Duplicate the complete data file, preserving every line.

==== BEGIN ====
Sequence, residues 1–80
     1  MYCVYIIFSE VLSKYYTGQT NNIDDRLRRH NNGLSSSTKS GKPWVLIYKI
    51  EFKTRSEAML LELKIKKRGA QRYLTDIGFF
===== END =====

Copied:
Sequence, residues 1–80
     1  MYCVYIIFSE VLSKYYTGQT NNIDDRLRRH NNGLSSSTKS GKPWVLIYKI
    51  EFKTRSEAML LELKIKKRGA QRYLTDIGFF